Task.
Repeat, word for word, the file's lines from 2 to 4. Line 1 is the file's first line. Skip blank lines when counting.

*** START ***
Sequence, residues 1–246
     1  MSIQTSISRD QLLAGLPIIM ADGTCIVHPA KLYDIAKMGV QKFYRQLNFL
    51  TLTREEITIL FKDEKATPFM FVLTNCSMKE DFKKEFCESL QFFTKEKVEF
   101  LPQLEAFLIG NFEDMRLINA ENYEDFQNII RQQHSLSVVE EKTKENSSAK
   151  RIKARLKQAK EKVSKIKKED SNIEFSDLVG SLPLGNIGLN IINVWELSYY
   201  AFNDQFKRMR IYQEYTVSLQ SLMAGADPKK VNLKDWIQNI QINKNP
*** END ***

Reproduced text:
     1  MSIQTSISRD QLLAGLPIIM ADGTCIVHPA KLYDIAKMGV QKFYRQLNFL
    51  TLTREEITIL FKDEKATPFM FVLTNCSMKE DFKKEFCESL QFFTKEKVEF
   101  LPQLEAFLIG NFEDMRLINA ENYEDFQNII RQQHSLSVVE EKTKENSSAK